The Obama administration on Tuesday announced the arrest of a Chinese professor and the indictment of five other Chinese citizens in what it contended was a decade-long scheme to steal microelectronics designs from Silicon Valley companies.
The indictment was the broadest since five members of the People’s Liberation Army were indicted last year by the United States, accused of hacking into the computer systems of American companies to steal technology for state-owned companies.
None of those five have been arrested or seen an American courtroom, and for a time those indictments froze discussions between the United States and Chinese governments over rules for reducing online attacks. But the chief of the national security division of the Justice Department, John P. Carlin, recently defended the approach as the best way to “raise the price” for the Chinese.
The arrest and indictments revealed on Tuesday seemed bound to revive the tensions with Beijing.
The professor who was arrested, described as Hao Zhang of Tianjin University, one of China’s oldest universities, was detained on Saturday after he arrived at Los Angeles International Airport to take part in a conference. He appeared in court for the first time on Monday and appears to still be in custody.
The indictment, for “conspiracy to commit economic espionage,” a relatively rare charge, contends that the six men studied in the United States and took jobs at two small American chip companies, Avago Technologies and Skyworks Solutions.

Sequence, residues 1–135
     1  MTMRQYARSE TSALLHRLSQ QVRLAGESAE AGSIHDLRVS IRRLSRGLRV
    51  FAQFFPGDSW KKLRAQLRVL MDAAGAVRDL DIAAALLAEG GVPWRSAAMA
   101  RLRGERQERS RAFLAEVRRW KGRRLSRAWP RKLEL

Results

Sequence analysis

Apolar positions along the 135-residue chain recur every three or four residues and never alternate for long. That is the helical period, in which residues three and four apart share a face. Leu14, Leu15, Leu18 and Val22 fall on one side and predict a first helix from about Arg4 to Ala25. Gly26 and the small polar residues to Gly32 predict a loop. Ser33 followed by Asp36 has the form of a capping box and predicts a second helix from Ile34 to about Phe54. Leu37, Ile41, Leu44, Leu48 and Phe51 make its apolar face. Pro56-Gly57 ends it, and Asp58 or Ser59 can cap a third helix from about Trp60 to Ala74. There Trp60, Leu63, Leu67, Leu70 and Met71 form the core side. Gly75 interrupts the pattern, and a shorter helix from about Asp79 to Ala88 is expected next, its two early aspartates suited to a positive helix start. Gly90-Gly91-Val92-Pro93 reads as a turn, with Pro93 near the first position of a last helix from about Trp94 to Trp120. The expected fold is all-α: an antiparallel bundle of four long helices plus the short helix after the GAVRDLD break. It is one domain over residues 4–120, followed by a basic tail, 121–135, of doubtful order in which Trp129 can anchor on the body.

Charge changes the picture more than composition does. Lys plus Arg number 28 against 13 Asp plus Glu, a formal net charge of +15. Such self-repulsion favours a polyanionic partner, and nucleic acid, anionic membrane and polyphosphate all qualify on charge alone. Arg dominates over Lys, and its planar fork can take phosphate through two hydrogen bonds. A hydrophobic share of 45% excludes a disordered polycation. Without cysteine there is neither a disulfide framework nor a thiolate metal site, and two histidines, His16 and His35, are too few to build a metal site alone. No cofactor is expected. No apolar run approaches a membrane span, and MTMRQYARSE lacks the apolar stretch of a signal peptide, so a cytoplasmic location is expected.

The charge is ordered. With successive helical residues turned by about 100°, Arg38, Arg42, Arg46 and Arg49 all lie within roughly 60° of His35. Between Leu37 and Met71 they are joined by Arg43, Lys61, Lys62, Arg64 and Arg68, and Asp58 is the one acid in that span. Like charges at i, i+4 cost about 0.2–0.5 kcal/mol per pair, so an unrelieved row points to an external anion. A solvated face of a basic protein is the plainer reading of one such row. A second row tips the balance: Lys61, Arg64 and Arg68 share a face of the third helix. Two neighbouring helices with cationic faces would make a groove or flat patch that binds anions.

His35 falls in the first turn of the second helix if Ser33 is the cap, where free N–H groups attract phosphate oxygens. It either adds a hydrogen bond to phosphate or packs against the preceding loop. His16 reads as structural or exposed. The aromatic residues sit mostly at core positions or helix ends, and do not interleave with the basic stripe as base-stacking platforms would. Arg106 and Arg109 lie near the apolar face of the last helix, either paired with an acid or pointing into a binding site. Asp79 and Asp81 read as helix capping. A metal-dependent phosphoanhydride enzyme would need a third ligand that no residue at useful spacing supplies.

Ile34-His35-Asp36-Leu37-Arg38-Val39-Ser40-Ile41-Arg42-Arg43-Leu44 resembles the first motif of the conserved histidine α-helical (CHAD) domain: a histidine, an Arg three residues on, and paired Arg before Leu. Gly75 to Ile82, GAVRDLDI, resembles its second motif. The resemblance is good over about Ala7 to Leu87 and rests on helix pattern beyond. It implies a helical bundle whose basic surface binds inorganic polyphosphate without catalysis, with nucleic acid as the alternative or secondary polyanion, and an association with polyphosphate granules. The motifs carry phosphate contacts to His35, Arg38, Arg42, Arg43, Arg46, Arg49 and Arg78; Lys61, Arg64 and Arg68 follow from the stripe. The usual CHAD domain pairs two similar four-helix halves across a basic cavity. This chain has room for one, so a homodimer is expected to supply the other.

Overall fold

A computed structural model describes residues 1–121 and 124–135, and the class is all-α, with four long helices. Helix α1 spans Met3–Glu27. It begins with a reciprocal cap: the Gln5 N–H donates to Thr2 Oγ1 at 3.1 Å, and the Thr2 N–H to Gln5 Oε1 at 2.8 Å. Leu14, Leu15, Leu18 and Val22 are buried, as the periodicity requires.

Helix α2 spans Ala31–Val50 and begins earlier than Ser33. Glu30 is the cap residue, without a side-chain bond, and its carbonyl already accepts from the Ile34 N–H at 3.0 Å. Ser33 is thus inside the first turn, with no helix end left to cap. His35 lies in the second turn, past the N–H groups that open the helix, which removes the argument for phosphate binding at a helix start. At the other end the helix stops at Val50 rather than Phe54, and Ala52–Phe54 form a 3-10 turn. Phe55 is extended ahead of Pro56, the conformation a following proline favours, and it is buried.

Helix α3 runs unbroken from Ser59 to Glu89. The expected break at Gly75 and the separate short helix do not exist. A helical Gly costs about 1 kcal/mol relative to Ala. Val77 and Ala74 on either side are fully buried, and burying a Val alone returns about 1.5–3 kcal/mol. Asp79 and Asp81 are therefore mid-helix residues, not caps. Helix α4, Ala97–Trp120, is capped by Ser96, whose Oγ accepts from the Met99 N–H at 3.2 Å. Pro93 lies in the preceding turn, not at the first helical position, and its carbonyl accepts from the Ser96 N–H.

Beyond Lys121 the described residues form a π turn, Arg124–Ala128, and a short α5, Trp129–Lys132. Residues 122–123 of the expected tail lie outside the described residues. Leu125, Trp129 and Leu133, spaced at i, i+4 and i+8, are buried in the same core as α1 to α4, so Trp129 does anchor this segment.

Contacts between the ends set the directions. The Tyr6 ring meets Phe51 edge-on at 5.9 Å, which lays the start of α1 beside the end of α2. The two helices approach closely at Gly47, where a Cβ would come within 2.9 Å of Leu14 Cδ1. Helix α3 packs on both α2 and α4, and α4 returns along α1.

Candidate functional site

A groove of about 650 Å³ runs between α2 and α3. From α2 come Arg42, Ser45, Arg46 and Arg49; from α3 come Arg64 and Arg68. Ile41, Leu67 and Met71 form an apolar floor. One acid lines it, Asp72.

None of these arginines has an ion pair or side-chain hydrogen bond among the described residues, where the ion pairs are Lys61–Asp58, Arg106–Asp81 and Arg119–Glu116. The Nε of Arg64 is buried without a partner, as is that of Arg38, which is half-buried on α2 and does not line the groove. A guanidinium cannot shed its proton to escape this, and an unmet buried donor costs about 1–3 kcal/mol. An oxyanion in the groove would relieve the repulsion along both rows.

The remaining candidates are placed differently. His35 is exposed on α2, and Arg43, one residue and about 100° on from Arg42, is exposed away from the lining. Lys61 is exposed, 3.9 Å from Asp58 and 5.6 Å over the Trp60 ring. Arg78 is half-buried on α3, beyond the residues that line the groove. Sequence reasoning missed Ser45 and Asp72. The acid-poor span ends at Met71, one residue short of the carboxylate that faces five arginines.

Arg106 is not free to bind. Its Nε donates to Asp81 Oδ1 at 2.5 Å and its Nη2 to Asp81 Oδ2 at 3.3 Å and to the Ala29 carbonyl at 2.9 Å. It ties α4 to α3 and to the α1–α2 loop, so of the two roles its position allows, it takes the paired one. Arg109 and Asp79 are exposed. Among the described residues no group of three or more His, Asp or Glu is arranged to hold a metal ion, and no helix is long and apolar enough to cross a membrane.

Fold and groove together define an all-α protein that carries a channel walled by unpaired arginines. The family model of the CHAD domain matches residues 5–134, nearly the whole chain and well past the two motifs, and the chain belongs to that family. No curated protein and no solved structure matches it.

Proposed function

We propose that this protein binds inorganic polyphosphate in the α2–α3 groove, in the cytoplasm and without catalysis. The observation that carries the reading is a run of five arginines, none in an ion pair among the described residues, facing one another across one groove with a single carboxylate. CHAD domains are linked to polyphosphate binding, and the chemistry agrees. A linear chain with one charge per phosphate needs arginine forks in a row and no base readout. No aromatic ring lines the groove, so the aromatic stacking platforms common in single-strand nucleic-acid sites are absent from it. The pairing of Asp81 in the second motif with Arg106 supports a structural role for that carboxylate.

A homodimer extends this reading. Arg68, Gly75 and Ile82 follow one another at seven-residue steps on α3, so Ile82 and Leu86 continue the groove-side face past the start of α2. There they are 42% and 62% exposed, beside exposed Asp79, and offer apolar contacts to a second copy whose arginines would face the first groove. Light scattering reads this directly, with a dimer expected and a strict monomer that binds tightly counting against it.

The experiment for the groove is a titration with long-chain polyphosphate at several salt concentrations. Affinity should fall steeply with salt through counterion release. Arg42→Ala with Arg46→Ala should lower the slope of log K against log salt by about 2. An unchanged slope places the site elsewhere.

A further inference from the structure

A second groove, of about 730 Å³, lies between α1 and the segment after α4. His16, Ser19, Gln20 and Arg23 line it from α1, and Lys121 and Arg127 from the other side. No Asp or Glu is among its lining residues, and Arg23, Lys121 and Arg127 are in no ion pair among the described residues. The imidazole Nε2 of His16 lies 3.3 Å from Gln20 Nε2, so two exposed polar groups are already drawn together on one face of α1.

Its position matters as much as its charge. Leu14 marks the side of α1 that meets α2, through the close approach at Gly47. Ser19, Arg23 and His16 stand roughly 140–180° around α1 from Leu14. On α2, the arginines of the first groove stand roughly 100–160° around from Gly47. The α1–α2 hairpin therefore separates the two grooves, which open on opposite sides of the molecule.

All of them worked, the indictment contends, to steal trade secrets for a type of chip popularly known as a “filter” that is used for acoustics in mobile telephones, among other purposes. They took the technology back to Tianjin University, created a joint venture company with the university to produce the chips, and soon were selling them to both the Chinese military and to commercial customers.
“Sensitive technology developed by U.S. companies in Silicon Valley and throughout California continues to be vulnerable to coordinated and complex efforts sponsored by foreign governments to steal that technology,” said Melinda Haag, the United States attorney in San Francisco.
According to the indictment, two of the professors began to apply for patents on some of the technology in the United States, beginning in 2010.
The indictment said Mr. Hao and another Chinese professor, Wei Pang, who apparently remains in China, “needed to justify their hiring as full professors” at Tianjin by “having patent applications in their names in both the United States” and in China.
The indictment includes emails from several of the accused Chinese professors and engineers dating to 2006, when they were still working in the United States.
“Please try not to check personal email account in company,” said one from Mr. Wei to Mr. Hao and another defendant, Huisui Zhang. “It could be tracked as long as in company’s network. It is very important. Even in Avago, I have seen several law cases” where employees were investigated.
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SOURCE: NY Times, David E. Sanger and Nicole Perlroth